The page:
Artificial Intelligence is playing a bigger part in automating the tasks associated with collecting, cleaning, quality and identifying sensitive data and ensuring protection. There is so much data to manage, it is now beyond human capacity to administer this amount of data. New tasks for humans are to interject and think creatively when making judgement calls in these data oriented activities, which currently is beyond many commercially applied and available AI functions.

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Data Culture – Changing Hearts & Minds to Focus Leadership & Drive Growth

It’s no surprise that data and analytics is quite overwhelming. Data and analytics are reality of modern life and organisations have to motivate, organise and approach with vigour and a healthy culture. There are constant risks, huge benefits, skepticism, tools and environments to manage. Data and the required culture should support business activities with talent, tools and decisions making, resulting in greater insight, stakeholder engagement and clearer, sharpened objectives.

Data architecture, analytics and the understanding should be led by business objectives. When these processes are in place results can be returned to the stakeholder that wants it, whether ideas, insight or innovation or helping the customer on an experience. The real culture change is using data on a regular basis to understand, set benchmarks and continually improve. Then using analytics to identify and iteratively increase that understanding and what more can be done. Start simply and work your way into improvement in small steps, if you are analysing your data properly, organic questions will start to form that will lead to improvements, then scale. Create your new data culture around striving for better decisions. It really is enlightening.

The business objectives should focus at least in part on innovations. Ideas for growth, cost savings or creating greater value in some way. Try to iteratively deliver on these objectives (discussed below in the innovation section) and utilise the data to inform and to back up the decisions. Within the team keep ideas and information flowing within the culture. If everyone can see everyone else’s ideas and how they got there, the good ideas will get to the top, the not so feasible ideas will dissipate. When everyone has access to the analytics platform, they can start to work with data to extract accurate, trustworthy information, behaviours will radically change. The team becomes interested in the intelligence ready to be unlocked in the process and systems holding the data, knowledge drives greater insight. Known as democratisation of data.

Managing Risk

Data culture focuses on risk. As an organisation in an industry sector there will be associated risks within operations. Take a recycling plant for example. There is a risk of fire, environmental impact and employee injury. If interaction with systems occurs as part of a digital process, shift logon for example a range of instructions can be delivered as part of a combination of training, instruction and getting data on how advanced an employee is within a skilled area.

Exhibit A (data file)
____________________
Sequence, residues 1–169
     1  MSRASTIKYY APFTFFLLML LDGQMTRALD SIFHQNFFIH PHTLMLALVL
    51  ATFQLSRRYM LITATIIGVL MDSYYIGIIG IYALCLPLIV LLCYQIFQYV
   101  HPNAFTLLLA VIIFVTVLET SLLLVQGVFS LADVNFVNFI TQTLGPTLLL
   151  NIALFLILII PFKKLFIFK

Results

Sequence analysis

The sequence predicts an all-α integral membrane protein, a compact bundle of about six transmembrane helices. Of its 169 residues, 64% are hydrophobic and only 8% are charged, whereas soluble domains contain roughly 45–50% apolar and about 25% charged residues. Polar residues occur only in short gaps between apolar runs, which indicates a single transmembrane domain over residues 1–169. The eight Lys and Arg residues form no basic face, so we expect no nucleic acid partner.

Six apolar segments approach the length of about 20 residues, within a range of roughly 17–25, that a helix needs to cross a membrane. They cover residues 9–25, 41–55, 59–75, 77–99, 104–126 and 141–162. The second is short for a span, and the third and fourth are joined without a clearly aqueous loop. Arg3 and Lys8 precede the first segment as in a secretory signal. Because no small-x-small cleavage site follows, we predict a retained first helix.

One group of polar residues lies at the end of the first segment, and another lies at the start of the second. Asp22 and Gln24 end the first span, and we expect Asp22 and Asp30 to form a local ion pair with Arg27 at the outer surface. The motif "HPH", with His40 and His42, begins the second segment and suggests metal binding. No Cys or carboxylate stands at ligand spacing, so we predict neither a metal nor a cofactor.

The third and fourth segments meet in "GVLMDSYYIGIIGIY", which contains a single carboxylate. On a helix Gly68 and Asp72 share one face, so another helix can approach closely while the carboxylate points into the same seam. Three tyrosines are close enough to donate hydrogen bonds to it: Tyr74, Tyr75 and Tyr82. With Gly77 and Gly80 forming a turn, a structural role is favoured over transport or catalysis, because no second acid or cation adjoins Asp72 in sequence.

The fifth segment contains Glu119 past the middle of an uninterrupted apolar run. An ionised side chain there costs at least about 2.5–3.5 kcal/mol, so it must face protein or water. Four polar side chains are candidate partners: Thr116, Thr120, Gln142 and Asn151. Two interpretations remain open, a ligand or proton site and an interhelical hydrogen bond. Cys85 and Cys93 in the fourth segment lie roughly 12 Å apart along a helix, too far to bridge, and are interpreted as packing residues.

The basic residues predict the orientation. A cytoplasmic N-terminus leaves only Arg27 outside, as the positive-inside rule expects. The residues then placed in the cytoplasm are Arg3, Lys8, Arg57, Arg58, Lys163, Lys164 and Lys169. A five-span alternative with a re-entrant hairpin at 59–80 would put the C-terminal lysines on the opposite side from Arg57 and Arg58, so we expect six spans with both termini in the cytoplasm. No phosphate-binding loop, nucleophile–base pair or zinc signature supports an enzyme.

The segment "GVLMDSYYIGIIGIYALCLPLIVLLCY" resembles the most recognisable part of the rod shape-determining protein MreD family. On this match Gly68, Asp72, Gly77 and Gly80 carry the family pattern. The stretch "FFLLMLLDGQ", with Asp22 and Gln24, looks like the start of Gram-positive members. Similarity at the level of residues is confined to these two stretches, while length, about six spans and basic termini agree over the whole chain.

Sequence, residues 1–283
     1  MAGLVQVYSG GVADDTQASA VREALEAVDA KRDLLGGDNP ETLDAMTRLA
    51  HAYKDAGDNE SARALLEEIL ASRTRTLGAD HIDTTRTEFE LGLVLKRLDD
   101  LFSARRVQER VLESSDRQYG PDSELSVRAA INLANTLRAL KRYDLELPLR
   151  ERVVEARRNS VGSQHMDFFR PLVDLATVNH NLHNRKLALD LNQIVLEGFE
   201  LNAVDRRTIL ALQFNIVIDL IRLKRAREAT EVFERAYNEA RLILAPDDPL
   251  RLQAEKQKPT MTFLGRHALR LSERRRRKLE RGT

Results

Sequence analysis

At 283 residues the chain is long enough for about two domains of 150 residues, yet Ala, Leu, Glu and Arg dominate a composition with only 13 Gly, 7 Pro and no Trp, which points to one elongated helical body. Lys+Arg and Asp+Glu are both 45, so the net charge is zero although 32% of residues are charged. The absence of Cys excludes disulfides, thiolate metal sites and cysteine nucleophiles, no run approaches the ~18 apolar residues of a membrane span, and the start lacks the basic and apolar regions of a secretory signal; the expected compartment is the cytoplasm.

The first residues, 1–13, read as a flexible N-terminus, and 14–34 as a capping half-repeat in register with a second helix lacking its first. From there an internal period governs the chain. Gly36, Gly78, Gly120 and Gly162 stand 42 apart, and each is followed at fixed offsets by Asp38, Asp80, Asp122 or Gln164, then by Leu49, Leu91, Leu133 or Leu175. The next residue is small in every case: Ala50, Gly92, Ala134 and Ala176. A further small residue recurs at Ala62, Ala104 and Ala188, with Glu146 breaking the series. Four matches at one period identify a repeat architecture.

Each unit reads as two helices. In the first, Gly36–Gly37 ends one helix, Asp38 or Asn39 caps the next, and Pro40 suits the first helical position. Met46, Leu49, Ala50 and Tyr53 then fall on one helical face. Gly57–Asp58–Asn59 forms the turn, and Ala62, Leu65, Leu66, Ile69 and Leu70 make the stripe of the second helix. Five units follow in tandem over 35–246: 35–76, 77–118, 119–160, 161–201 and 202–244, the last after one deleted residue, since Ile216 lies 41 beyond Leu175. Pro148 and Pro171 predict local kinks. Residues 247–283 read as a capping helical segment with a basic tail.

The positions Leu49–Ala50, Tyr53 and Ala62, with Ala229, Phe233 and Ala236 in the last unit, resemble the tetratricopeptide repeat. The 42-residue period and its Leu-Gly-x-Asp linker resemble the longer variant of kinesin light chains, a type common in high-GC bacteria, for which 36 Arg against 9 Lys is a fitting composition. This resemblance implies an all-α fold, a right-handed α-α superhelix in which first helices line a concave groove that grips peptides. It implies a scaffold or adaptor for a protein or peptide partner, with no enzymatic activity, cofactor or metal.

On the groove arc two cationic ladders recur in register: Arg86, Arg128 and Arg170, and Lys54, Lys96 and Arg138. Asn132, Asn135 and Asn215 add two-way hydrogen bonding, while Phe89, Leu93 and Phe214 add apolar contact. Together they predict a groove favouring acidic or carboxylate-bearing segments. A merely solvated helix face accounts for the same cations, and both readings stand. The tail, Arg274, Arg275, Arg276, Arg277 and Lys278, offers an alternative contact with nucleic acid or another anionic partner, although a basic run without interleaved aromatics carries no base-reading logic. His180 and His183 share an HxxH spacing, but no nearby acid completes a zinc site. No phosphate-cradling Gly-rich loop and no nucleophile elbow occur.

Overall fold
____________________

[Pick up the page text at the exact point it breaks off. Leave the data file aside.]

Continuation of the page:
There’s using data in process to help with the advance of operations activities like EHS. Of course, there is also the focus of ethical, social and regulatory activities with the use of data, how it is acquired, consumed, altered and stored. The process and use case should be accurate to detail what can and cannot be completed with the data that is being processed. This is especially prevalent when dealing with personal data or correlating data based on an individual, deemed private and collected, analysed and stored with behavioural data. Understanding resiliency and opt in for this type of analytics program is critical.

Data needs to be managed according to legislation, policies, procedures and rules. Once in place and all employees have been onboarded to principles, process and importantly rule orientation. Innovation programs can start to investigate data use, data science and data analytics for the innovation program objective. The key is to integrate both programs, this is a similar structure and methodology as bi-modal operations. Mode 1 is the robust, statutory framework for use, mode 2 is the innovation and actual use for growth and productivity.

Building teams to implement change calls for a multidisciplinary approach. This requires a collaboration of data science and frontline operations. Bear in mind, not everyone in the team is going to be conversant with data and analytics principles.

It is incredibly beneficial to have a cross section of the business that make up the team. If this represents the entire process, then you can call on expertise from a process area to build a use case and work on the innovation program from that point. It’s a balance of careful understanding, clarification and definition to find that solution that can be progressed. It also requires a connection and liaison between all the actors in the team. The mix, engagement, communication and interaction to drive the solution is of paramount importance.

You can only go so far internally, and there has long been the impetus to involve external stakeholders in activities to increase value of innovation through the interpretation of data. Through incentivising a collaboration partner with the vision and how to get there, a company can build greater advantage and service from the actor’s involvement in the transaction and data capture in the process. An organisation should be mindful of working with a suitably motivated partner. Consider the control of the data used and any legislative impact the use of this data may have on the innovation program.

Visit Data, Leadership, Innovation & Strategy Pt.2 to find out more on setting up teams

Thanks to McKinsey Insights for a constant source of inspiration.